It’s not quite consistent yet, but there was a brief spell this weekend where the weather was nice for a solid walk. The dog had her first graze of the year, finding a few shoots of green grass beside a big rock, so she’s quite happy. And, good news, the trails in the city seem to be clear of snow. It’s great out if you can find a window of sunshine, I highly recommend it—especially with a lot of rain coming later this week.
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Monday: +12 🌡️ +5 | ☀️
Tuesday: +17 🌡️ +2 | 🌧
Wednesday: +11 🌡️ +8 | 🌧
It begins: Spring is here, and that means construction season is, too. This week a major overhaul begins at Queen, Albert and Slater Streets around where they meet Bronson Avenue, CTV reports.
The area is getting a major infrastructure upgrade underground to the sewers and water mains, according to the city. But more visible will be the addition of bike lanes, widened sidewalks and improved intersections to make them safer. Bus stops will be improved, and trees will also be added.
It will also update Albert where the new Ādisōke building — made up of the new Library and Archives Canada and Ottawa Central Library — will go on the eastern end of LeBreton Flats, adding on-street parking bays and other improvements.
Impact on traffic: Albert and Slater will be a single lane for most of the summer, with rotating sidewalk closures. Bronson will be down to a single northbound lane, and Commissioner Street will be a single southbound lane between Albert and Slater. On-street parking will also be restricted throughout the summer on all of the affected streets.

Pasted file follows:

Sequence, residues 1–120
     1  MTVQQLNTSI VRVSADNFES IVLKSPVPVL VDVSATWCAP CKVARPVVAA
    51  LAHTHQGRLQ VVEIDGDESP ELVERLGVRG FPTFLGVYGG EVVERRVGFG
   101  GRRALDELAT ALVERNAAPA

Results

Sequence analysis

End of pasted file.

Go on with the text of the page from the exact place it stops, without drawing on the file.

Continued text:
Montreal Road: On April 24, major construction will begin again on Montreal Road between Vanier Parkway and St. Laurent. The city is finishing a four-year project to overhaul the area’s infrastructure and improve the road, according to the city.
Detours: The final phase of the Montreal Road improvements will see only one lane heading west until about mid-September. Eastbound traffic will be directed along McArthur Boulevard. Side streets all along the stretch under construction will have no access to Montreal Road for much of the construction season. Pedestrian access to businesses will be maintained.
North River Road is also being improved north of Montreal Road, which will include traffic calming measures like speed humps and the addition of pedestrian crossings.
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For the land value: An 80-year-old Westboro home isn’t as valuable as the land underneath it. The lot has recently been re-zoned to allow for two eight-unit buildings in the place of the single-family home, CTV reports. The $1.649-million price tag is similar to another property on nearby Roosevelt Avenue.
Hard to sell as-is: One of the owners of the property, a local real estate agent, told CTV the four-bedroom house had been difficult to rent or sell at its current price point. Even those looking to buy the land and put up a pair of single houses found it wasn’t worth it, the agent said.
Market hot elsewhere: In New Edinburgh, a home sold for $3.128 million — more than $800,000 above the asking price which might be a record, according to CTV. The house overlooks Rideau Hall and has an octagonal living room and bedroom, a two-storey entryway, and an elevator with access to all three levels.
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Masking in schools: An Ottawa-Carleton District School Board trustee will introduce a motion to bring back mandatory masking at a meeting Tuesday evening, the Ottawa Citizen reports. The news comes after Dr. Vera Etches, the city’s chief doctor, said earlier to the Citizen she would support any school board voting to return masks to schools. (Etches has the ability to require masks in schools, and elsewhere, using her own powers.)